TMR spoke with Nick Lawson about a passion point of his: sports teams are missing out on no doubt opportunities on social media.
Lawson is the co-founder of Portland, Ore.-based SQWAD, a digital sponsorship sales and activation company that works with numerous NFL clubs as well as teams across the NBA, WNBA, NHL, MLB, MLS and NCAA. A lightly edited account of our Q&A is below.
Team Marketing Report: You’ve called the lack of sports teams’ activation on YouTube “possibly the direst item in sports today.” How so?
Nick Lawson: When I see the low YouTube following, I see three big points including these two:
1) Considering that YouTube is the most-watched platform for sports highlights (see infographic, left), the fact that it is dead last on following is terrifying per team is terrifying. Imagine you couldn’t watch NFL games on any channel in the U.S….You had to bootleg it online. You would create a lot of bootleggers.
2) Where there is attention, there is an opportunity to pirate. Here are just three YouTube accounts that cover the NFL and football topics that absolutely destroy NFL teams on followers:
Say you search the term “NFL Catches” (see screenshot, below right) and little Ding Productions outperforms the NFL in the search. That should never happen.
TMR: Why not?
NL: These channels have 1/100,000 of the resources of the NFL teams have…Yet, they all have at least 6X the subscribers.
TMR: How are brands approaching YouTube in particular?
NL: Good question — that’s my third big point: Brands spent $7.2 billion on YouTube ads in Q3 of 2021 alone! As you watch channels such as Deestroying, notice that the same brands that spend with NFL teams also run pre-roll ads on these non-NFL team or league channels.
Simply put, YouTube is the number one platform to consume sports highlights on. It is how kids learn about sports, it is where they are introduced to the game, it is where they choose their allegiances…when it comes to attention in our sport, it is the pinnacle of fandom today.
As brands spend more and more on YouTube pre-roll ads, they will become comfortable with the platform and results. From there, if you don’t have a way to offer a similar reach on this platform, they may look at shifting money from your sponsorship package and over to pre-roll ads on other channels. Less spend on signs, more spend on videos. This means lost revenue for teams in the sponsorship department.
TMR: Where does a team start?
NL: There’s an easy solution for teams to grow their YouTube audience and therefore subscribers. It’s all based on keywords and content.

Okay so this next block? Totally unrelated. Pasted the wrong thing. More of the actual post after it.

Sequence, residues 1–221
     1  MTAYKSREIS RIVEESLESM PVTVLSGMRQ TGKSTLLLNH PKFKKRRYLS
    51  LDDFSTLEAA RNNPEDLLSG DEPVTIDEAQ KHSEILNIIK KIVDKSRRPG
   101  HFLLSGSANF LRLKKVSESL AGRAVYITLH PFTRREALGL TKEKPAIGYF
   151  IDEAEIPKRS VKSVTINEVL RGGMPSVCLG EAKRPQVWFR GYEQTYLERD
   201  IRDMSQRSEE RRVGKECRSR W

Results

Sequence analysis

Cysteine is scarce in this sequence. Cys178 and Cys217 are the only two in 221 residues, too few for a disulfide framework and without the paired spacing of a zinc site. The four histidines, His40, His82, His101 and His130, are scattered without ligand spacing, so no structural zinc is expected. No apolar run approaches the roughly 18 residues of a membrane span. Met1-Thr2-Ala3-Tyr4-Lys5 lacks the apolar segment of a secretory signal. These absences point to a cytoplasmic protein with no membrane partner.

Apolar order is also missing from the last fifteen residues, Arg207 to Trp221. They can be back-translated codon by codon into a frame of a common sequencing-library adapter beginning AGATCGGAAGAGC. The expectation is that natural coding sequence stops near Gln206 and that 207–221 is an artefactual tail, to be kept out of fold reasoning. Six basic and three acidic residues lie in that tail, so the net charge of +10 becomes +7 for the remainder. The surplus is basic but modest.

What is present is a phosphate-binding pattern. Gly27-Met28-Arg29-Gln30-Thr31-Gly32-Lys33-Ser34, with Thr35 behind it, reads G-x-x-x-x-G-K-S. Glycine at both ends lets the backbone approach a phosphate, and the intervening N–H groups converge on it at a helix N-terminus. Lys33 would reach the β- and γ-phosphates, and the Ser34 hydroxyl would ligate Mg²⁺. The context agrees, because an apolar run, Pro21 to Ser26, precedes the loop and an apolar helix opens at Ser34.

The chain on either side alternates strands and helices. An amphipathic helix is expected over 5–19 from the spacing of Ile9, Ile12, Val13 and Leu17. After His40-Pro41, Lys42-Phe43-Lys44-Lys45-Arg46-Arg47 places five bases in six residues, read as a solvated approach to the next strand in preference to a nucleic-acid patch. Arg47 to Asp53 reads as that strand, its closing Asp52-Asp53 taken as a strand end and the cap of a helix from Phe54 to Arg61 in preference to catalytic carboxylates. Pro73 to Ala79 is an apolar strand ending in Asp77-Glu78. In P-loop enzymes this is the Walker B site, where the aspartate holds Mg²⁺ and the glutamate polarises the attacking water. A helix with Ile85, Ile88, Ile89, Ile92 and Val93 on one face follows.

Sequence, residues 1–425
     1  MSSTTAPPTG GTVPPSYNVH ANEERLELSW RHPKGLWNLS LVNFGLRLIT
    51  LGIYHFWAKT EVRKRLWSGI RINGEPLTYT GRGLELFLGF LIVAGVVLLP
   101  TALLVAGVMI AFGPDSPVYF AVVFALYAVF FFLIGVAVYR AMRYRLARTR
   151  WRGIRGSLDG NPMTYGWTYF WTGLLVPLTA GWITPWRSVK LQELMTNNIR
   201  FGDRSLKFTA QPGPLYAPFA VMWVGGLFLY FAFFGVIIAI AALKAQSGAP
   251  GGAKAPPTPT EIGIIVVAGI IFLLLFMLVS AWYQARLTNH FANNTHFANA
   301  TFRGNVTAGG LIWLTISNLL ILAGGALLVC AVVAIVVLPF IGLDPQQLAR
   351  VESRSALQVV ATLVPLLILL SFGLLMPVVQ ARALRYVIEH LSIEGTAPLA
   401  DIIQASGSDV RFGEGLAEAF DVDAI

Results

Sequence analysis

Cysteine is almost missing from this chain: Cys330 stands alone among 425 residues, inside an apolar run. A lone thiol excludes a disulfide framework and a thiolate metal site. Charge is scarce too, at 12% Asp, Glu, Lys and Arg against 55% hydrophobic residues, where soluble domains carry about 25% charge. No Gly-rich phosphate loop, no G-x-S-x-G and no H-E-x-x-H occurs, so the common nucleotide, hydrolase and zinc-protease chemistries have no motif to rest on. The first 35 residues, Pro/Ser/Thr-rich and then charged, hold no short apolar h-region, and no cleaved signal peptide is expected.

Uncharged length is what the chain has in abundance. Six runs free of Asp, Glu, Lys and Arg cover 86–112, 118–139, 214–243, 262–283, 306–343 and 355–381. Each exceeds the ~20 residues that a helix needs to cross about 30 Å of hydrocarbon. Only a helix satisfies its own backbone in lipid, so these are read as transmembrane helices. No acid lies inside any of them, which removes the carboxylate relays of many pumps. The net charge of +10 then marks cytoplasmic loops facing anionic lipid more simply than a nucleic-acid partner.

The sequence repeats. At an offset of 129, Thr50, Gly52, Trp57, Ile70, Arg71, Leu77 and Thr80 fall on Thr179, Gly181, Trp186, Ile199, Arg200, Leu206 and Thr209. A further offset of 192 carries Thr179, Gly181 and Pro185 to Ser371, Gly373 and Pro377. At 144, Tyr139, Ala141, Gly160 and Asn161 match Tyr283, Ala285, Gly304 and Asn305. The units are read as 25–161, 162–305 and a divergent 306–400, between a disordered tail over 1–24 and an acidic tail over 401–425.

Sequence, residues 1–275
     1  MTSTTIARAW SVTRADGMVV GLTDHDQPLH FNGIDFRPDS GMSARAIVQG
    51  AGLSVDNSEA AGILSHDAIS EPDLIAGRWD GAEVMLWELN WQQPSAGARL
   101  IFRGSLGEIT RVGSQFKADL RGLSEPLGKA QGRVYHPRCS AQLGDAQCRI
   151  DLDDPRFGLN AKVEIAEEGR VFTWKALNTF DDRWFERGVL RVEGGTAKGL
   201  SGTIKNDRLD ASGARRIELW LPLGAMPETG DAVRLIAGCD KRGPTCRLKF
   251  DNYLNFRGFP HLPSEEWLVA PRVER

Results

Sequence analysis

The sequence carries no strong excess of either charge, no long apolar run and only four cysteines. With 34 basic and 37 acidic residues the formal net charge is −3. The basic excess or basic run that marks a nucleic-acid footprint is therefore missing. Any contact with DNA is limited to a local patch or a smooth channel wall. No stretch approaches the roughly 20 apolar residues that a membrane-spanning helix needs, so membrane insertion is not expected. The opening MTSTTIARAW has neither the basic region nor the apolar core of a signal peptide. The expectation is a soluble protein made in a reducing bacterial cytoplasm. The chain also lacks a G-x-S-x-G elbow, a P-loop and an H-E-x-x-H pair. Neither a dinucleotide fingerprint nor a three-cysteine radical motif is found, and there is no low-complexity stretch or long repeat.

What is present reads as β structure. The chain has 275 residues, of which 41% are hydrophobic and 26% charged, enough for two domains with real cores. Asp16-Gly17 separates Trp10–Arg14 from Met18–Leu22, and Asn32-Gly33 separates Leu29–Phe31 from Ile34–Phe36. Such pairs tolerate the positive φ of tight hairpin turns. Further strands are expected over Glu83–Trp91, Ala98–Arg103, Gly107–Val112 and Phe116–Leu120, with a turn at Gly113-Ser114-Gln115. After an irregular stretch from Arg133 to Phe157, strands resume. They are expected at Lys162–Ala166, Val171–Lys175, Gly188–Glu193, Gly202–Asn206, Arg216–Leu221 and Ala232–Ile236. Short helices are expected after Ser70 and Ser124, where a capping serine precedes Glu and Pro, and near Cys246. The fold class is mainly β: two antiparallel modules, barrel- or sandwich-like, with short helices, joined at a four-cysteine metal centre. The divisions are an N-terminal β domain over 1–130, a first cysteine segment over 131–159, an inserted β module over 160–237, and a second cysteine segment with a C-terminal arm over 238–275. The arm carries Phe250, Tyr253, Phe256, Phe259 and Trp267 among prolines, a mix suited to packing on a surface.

I dove into the “easy formula” for teams to follow, including answering the question “Why does YouTube mattter for us in sponsorship?” in a recent blog post. If any team started implementing more of these YouTube basics, they would 10X their reach and subscribers.
TMR: We have the power to make you Team President. What do you do first around social media and content?
NL: If I was put in charge of an NFL team, the first thing I would do is hire a YouTube influencer to build my following there. The individual team that does this will sell more tickets, sponsorship and ultimately become the most valuable team in the world.
That may seem like a huge jump, but I think a huge shift has change with team valuations. However, in the past, sports team values essentially came from adding stadium size plus cost.
I fully believe future sports team value is going to be heavily based on YouTube following.
TMR: Teams need to drive sponsorship sales, or fuel ROI and make renewals easier once they’re on board as a sponsor. To a front office person still scoffing at investing in YouTube and social media, what would you tell them?
NL: Simply put, YouTube is the number one platform to consume sports highlights on. It is how kids learn about sports, it is where they are introduced to the game, it is where they choose their allegiances. Other social media platforms are critical as well, but when it comes to attention in our sport, it is the pinnacle of fandom today.
Like it or not, you should be putting resources here. Time to understand how the system works, what fans search for, and how to make sure your content is at the top of those searches. If your team hired front office employees to only focus on that, not all your social platforms, you can build a massive audience that your team can tap into week in and week out.
Frisco, Texas-based Dude Perfect (shown in YouTube clip above) has a net worth of roughly $80 million, and that includes an estimated annual income between $12 and $15 million. Their YouTube channel posts roughly one video a week, and that video usually gets several million views within a week of being posted.
My question back to teams: Could your team use an extra $12 million in revenue a year?
TMR: We all know the answer to that one.
To view more TMR Q&As, click here.